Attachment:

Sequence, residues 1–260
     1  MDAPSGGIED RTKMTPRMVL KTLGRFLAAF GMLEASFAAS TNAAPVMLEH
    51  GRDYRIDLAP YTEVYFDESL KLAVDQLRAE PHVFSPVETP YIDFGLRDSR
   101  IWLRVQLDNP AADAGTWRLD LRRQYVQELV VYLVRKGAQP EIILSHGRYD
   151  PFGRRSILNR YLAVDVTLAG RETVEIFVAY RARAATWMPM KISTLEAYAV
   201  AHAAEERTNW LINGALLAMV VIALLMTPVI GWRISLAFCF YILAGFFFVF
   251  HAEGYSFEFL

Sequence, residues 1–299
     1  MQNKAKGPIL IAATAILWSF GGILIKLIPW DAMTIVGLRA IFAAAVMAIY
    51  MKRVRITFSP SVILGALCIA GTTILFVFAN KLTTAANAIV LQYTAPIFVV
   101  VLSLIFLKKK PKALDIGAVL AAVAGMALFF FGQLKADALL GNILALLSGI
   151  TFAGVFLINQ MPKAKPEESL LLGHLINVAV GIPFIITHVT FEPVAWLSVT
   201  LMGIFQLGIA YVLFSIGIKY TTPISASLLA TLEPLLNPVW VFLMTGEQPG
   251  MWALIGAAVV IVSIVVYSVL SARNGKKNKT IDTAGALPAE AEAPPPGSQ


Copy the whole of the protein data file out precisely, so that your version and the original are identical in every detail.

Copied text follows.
Sequence, residues 1–260
     1  MDAPSGGIED RTKMTPRMVL KTLGRFLAAF GMLEASFAAS TNAAPVMLEH
    51  GRDYRIDLAP YTEVYFDESL KLAVDQLRAE PHVFSPVETP YIDFGLRDSR
   101  IWLRVQLDNP AADAGTWRLD LRRQYVQELV VYLVRKGAQP EIILSHGRYD
   151  PFGRRSILNR YLAVDVTLAG RETVEIFVAY RARAATWMPM KISTLEAYAV
   201  AHAAEERTNW LINGALLAMV VIALLMTPVI GWRISLAFCF YILAGFFFVF
   251  HAEGYSFEFL

Sequence, residues 1–299
     1  MQNKAKGPIL IAATAILWSF GGILIKLIPW DAMTIVGLRA IFAAAVMAIY
    51  MKRVRITFSP SVILGALCIA GTTILFVFAN KLTTAANAIV LQYTAPIFVV
   101  VLSLIFLKKK PKALDIGAVL AAVAGMALFF FGQLKADALL GNILALLSGI
   151  TFAGVFLINQ MPKAKPEESL LLGHLINVAV GIPFIITHVT FEPVAWLSVT
   201  LMGIFQLGIA YVLFSIGIKY TTPISASLLA TLEPLLNPVW VFLMTGEQPG
   251  MWALIGAAVV IVSIVVYSVL SARNGKKNKT IDTAGALPAE AEAPPPGSQ